where, Ψπ is the soil osmotic potential (MPa) at the actual moisture content, θact of the soil and Ecmeas is the measured electrical conductivity (dS m–1) of an extract with a water content θref (= 5 g g–1 for a 1:5 soil: water mixture).

Table 2: Water content and corresponding matric potential in the seven soils in experiment 1
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S: Sand, SL: Sandy loam, TOC: Total organic carbon and WHC: Water holding capacity

Respiration measurements: The soils (25 g, oven dry basis) were added to PVC cores (diameter 3.7 cm, height 5 cm) with a nylon mesh base (0.75 μm, Australian Filter Specialist) and packed to a bulk density (http://www.pedosphere.com/resources/bulkdensity/triangle_us.cfm) according to their texture: 1.55 g cm–3 (sand) and 1.46 g cm–3 (sandy loam). The cores were placed immediately into 1 L glass incubation jars and sealed with gas tight lids equipped with septa to allow headspace sampling. The glass jars were incubated in the dark at 22-25°C. Respiration was quantified by measuring headspace carbon dioxide (CO2) concentrations every 24 h using a Servomex 1450 infra-red gas analyser (Servomex Group, Crowborough, England). After each measurement, the jars were opened to equilibrate the CO2 to ambient concentrations and then resealed. The CO2 concentrations were measured immediately after resealing the jars. The CO2 evolved from each sample was calculated as the difference between the initial (after resealing of the jars) and the CO2 concentrations after 24 h.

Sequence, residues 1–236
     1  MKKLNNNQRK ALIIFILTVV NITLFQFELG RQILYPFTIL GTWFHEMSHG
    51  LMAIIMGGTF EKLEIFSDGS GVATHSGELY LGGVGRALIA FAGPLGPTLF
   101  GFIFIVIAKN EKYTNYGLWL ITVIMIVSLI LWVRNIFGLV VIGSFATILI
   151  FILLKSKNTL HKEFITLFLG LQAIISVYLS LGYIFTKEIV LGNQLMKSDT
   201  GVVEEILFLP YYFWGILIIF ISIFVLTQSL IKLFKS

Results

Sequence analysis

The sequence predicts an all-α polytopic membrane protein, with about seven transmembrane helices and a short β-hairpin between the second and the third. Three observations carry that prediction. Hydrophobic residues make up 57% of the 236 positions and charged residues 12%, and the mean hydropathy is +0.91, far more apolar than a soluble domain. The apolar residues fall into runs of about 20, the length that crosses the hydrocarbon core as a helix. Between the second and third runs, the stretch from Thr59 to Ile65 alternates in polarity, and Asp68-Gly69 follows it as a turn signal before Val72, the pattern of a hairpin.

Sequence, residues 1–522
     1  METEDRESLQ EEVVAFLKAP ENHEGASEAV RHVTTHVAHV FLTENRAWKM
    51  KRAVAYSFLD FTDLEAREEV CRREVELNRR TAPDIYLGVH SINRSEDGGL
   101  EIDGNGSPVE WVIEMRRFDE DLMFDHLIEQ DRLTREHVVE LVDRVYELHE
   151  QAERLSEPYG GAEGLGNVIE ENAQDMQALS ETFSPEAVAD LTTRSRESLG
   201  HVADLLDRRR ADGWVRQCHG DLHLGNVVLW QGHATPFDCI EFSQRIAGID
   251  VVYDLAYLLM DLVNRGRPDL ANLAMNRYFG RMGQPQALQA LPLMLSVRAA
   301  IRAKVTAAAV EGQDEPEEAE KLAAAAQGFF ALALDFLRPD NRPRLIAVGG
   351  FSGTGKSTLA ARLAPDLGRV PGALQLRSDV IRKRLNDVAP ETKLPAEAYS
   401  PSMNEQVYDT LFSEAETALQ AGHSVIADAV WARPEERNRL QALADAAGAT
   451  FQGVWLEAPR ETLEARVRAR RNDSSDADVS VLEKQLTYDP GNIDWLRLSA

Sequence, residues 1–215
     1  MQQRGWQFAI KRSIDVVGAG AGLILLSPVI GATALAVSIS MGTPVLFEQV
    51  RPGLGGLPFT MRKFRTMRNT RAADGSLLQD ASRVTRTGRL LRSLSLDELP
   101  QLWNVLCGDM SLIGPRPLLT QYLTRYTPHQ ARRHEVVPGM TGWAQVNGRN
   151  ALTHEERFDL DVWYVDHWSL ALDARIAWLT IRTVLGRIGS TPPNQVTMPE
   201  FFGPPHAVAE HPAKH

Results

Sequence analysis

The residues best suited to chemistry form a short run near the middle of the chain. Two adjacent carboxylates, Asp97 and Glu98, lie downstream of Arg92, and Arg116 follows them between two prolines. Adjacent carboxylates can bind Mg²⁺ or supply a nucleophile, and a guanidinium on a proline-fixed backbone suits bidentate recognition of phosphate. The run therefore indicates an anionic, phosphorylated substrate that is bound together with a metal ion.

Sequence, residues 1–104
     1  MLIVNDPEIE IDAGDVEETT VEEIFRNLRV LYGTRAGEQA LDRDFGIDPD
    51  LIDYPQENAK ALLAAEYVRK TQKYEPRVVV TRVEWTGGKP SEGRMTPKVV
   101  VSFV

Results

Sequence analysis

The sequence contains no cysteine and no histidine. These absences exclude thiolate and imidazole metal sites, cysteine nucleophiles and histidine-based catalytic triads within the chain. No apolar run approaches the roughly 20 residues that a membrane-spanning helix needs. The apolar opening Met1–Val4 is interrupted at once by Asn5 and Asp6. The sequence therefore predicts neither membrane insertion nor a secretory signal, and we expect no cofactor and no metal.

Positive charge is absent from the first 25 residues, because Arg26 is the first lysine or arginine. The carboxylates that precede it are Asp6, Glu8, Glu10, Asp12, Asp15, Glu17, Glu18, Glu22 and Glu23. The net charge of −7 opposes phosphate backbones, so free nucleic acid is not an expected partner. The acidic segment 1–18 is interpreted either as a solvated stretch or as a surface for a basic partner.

Experiment 1: The aim of experiment 1 was to determine the soil water content that results in maximal cumulative respiration for the soils.